Introduction: Fever of unknown origin (FUO) is defined as fever over 7 to 10 days without a diagnosis despite a complete initial study. The most frequent causes are infections, autoimmune and tumors. Even though most cases are self-limited there is a minority that has an underlying etiology with an ominous forecast, encouraging a systematized study. Objective: To report a rare case of a boy who presented fever of unknown origin associated to panniculitis and was diagnosed of subcutaneous panniculitis-like-T cell lymphoma and to emphasis the importance of a sequential study of FUO, in order to reach a diagnosis in patients who need a timely intervention. Clinical case: A ten year old boy, previously healthy, presented subcutaneous nodular lesions of 2 month of evolution, located in abdominal region and extremities, given few symptoms, associated with prolonged fever. He was hospitalized for proper study, in first instance infectious and immune causes were discarded and through lesions biopsy the diagnose of subcutaneous panniculitis-like-T cell lymphoma was reached. Conclusion: When FUO is diagnosed, most prevalent causes must be discarded. Then, differential diagnosis, such as immune and neoplasic etiologies, have to be considered. If FUO is associated to elemental nodular lesions, biopsy must be indicated early, in order to find potential malignant cases, avoiding therapeutic delay.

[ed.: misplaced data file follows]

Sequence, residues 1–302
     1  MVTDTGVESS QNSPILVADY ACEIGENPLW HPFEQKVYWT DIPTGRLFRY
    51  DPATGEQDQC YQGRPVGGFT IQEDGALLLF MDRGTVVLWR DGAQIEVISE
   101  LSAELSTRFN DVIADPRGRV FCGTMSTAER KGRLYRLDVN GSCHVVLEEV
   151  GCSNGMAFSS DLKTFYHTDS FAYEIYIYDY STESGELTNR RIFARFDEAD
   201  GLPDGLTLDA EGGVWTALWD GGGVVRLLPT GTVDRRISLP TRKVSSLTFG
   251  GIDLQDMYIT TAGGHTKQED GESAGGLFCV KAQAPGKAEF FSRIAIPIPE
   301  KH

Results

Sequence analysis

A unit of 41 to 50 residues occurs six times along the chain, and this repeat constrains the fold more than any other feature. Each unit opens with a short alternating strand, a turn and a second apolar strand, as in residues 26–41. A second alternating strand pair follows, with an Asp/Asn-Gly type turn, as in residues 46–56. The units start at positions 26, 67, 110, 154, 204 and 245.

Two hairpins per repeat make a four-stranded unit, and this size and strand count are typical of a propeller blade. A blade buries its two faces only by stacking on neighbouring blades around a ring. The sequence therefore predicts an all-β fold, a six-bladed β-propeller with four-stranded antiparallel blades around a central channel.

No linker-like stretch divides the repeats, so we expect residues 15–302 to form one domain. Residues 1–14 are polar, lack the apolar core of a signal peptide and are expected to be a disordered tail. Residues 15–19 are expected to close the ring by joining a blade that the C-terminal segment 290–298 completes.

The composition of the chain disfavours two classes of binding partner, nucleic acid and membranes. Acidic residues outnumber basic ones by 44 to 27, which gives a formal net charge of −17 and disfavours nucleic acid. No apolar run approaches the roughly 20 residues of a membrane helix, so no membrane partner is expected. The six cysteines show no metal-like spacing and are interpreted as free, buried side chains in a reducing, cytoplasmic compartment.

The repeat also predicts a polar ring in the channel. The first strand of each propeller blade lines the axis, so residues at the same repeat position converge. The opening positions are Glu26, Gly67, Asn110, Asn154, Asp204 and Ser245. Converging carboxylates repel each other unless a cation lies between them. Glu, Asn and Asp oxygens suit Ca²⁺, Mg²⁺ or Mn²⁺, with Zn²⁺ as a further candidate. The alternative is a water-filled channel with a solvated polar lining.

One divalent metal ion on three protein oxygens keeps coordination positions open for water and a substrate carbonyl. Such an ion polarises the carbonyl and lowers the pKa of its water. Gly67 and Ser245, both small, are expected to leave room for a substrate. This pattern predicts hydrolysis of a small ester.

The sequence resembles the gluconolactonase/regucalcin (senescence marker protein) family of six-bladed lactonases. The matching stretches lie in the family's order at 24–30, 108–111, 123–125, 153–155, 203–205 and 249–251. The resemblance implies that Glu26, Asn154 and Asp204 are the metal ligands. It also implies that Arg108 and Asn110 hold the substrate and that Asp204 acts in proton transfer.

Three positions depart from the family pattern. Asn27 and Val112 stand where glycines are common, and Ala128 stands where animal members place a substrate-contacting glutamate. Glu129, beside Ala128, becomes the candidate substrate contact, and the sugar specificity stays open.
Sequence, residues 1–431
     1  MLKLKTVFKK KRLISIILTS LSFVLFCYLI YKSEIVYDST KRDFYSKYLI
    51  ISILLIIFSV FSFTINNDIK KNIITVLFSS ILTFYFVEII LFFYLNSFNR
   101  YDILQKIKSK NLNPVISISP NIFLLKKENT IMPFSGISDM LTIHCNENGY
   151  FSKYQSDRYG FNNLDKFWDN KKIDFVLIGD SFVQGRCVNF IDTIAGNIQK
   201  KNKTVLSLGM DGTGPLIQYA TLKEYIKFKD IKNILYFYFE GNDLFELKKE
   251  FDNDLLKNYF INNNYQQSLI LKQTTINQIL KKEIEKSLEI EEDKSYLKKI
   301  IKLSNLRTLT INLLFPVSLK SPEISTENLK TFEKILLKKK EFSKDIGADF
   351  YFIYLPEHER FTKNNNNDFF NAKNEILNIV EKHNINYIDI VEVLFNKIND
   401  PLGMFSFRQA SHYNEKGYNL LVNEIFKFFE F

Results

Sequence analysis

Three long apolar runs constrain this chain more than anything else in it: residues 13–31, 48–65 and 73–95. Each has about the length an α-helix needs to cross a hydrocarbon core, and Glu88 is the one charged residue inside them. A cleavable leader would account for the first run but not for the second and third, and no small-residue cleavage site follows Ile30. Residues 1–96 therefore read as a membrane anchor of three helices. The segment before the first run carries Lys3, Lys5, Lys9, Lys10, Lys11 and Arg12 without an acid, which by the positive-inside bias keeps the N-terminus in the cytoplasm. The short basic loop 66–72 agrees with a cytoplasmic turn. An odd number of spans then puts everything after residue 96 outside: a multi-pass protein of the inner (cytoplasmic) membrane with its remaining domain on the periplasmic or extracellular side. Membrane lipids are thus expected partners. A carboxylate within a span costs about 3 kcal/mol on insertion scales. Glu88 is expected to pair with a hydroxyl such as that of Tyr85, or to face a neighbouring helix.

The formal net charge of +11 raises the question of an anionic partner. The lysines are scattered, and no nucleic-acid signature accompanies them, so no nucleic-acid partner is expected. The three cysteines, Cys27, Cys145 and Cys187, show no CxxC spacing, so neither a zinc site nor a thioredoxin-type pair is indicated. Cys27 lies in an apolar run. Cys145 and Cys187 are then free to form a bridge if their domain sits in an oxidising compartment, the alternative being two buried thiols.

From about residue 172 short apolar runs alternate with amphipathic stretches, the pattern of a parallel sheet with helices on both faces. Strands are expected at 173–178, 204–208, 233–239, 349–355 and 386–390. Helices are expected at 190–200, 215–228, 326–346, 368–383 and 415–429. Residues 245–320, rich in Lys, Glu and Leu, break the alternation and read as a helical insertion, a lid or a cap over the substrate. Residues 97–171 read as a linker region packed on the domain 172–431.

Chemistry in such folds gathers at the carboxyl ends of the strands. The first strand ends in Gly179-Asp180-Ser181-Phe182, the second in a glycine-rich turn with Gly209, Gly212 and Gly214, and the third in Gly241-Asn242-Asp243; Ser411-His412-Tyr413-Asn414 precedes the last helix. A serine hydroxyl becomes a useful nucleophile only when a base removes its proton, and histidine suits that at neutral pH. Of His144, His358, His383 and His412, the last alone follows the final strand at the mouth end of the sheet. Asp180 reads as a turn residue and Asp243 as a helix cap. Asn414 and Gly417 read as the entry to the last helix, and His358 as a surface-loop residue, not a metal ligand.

|Translated title of the contribution
|Paniculitis as manifestation of prolonged febrile syndrome: Case report
|Number of pages
|Revista Chilena de Pediatria
|Published - 1 May 2017
ASJC Scopus subject areas
- Pediatrics, Perinatology, and Child Health